Today, August 21, 2017, the Moon briefly slid in front of the Sun, casting its shadow onto the Earth–the deepest part of which (called the umbra) passing across the United States from Salem, Oregon to Charleston, South Carolina. I arranged to be positioned at the latter location, and thus experienced for the first time solar eclipse totality from 2:46 to 2:47 and a half p.m. this afternoon. It was, as they say, a mind-blowing experience…if just in the sheer sense of seeing something entirely different happening to the usually very typical Sun in the middle of what would otherwise be a very typical day. (Except that it was neither of those.)
Below are some of my photos from the event.
It’s August and one of the most highly-anticipated astronomical events of the 21st century is nearly upon us: the August 21 solar eclipse, which will be visible as a total eclipse literally across the entire United States…but that doesn’t mean everywhere in the United States. Totality will pass across the U.S. in a narrow band about 60 miles wide starting along the northern coast of Oregon at 10:18 a.m. local time (PDT) and ending along the coast of South Carolina at 2:48 p.m. EDT. But that’s just totality—the full eclipse event will actually begin much earlier than that and end later, and its visibility won’t be limited to only that path. And while it’ll be happening overhead in the daytime sky you’ll need the right equipment to view it safely, whether you’re in totality or not.
Wait, you say, what’s the difference between totality and…not totality? And how is it caused? And why is this a big deal at all? If you’re wondering those things (and perhaps others) then this post is just for you. Below are answers to some common—and certainly not dumb—questions about the solar eclipse, brought to you by yours truly (with a little help from NASA and other eclipse specialists.)
Last night a large part of the world’s population was treated to a relatively rare variety of a not-so-rare night sky spectacle: a total lunar eclipse that happened to coincide with the closest perigee Moon (aka “supermoon”) of the year. The last time these scenarios lined up this way was in 1982, and it won’t occur exactly like that again until 2033. While some parts of the U.S. were clouded out (Los Angeles and Las Vegas included, oddly enough) it was a clear night here in Rhode Island and I took the opportunity to capture some photos of the eclipse from the State House lawn, where I could include the iconic statue of the “Independent Man” atop the capitol’s neoclassical dome.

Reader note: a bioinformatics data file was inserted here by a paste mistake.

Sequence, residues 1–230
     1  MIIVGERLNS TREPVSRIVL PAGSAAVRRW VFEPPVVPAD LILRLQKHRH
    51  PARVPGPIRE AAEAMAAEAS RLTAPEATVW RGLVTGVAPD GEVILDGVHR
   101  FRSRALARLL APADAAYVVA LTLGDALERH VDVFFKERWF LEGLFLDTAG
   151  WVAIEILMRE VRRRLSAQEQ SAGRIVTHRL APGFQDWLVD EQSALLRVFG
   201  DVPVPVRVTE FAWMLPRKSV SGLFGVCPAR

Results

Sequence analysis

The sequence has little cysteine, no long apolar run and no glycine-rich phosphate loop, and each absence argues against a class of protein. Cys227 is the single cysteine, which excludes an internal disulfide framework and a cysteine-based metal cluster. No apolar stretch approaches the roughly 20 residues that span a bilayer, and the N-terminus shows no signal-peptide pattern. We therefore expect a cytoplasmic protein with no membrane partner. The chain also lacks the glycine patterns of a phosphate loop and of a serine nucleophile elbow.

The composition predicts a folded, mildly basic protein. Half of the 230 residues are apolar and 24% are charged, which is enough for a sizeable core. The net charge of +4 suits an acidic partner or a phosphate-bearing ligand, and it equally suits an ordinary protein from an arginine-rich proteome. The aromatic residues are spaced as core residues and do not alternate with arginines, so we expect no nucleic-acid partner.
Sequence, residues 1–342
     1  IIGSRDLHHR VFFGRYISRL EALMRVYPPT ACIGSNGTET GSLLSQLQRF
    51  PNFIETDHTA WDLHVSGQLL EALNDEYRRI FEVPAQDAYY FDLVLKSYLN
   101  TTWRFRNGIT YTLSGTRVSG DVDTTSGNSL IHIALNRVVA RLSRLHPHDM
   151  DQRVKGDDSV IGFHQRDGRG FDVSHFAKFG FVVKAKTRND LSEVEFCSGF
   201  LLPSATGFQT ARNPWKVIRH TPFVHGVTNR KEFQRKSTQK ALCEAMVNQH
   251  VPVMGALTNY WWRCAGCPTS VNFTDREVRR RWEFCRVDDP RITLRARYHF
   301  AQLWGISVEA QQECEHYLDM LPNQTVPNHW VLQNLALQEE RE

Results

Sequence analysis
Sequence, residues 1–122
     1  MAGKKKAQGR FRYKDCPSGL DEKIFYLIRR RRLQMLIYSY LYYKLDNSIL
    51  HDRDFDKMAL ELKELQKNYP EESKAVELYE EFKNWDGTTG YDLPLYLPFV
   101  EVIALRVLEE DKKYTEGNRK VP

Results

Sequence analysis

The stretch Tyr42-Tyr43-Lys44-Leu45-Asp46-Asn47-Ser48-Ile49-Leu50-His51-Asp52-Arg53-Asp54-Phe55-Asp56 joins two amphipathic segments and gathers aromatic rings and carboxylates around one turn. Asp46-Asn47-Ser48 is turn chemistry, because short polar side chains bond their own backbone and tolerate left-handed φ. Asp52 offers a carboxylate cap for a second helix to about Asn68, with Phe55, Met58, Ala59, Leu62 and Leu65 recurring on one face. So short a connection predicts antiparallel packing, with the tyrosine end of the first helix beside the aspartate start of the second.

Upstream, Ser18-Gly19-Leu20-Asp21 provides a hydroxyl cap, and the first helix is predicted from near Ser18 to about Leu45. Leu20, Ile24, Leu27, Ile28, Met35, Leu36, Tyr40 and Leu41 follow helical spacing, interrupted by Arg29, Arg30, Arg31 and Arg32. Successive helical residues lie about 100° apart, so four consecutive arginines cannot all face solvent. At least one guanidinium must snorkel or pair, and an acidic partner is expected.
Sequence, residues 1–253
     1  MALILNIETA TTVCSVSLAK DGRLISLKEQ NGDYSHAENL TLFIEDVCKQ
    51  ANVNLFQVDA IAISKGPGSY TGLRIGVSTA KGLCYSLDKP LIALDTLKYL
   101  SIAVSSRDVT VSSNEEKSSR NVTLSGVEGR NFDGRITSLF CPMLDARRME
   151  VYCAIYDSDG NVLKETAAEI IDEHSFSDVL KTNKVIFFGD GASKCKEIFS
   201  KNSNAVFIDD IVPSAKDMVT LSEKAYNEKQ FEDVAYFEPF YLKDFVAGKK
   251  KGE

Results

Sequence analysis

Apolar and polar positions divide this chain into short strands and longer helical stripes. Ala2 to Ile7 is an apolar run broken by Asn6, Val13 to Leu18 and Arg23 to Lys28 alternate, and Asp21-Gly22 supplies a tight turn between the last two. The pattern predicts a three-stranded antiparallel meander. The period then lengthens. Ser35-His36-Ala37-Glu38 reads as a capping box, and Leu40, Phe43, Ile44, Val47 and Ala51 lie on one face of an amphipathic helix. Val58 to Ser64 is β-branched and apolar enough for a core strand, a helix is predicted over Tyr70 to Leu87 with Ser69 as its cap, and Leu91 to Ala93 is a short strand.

See some photos of the eclipse from around the world on NASA’s Flickr album here, and check out a couple more of my photos below:
It’s coming — on September 27 there will be a total lunar eclipse, the entirety of which will be visible across much of the western hemisphere! During total lunar eclipses the Moon passes through the shadow of Earth cast by the Sun, and is colored by dusky blue, purple, and crimson light as its normally harsh glare is briefly reduced to nearly nothing before the process reverses. It’s a beautiful cosmic event to behold and this year it’s an extra special treat — not only will the Moon be totally eclipsed but it will also be at perigee, the closest point to Earth along its 27.3-day-long orbit. These days when the Moon is full at perigee it gets called a “supermoon”, and on Sept. 27 it will be totally eclipsed during the closest supermoon of the entire year. That hasn’t happened since 1982, when The Clash was Rocking the Casbah, times were fast at Ridgemont High, and virtually no one knew what an Ewok was. (Yes, kids, it’s true.)
Totality — that brief period during a solar eclipse when the Moon is completely centered in front of the Sun’s disk — is a truly amazing sight, so much so that many people who have seen it once (a privileged group that doesn’t include me, sadly!) will travel across the globe in an effort witness it again and again.
During solar eclipse totality the sky not only becomes dark, dropping the temperature and sometimes even allowing stars to be seen, but also the Sun’s outer atmosphere is revealed around the silhouette of the Moon for a few short moments. Unfortunately this is not easily captured on camera because of the rapidly changing lighting situations, and when it is it pales in comparison to the real thing (or so I hear.)
The video above, taken during the November 14 eclipse from Queensland, shows the moments of totality pretty nicely although the streamer effect can’t really be made out. Still, we get a good idea of how the light changes and we can see another effect called “Baily’s Beads”, where sunlight peeks through some of the relief of the Moon’s terrain along its outer limb. Also the “diamond ring” effect can be seen as the Sun is uncovered.
Enjoy, and thanks to YouTube user solareclipse eclipsevidgvale for the upload!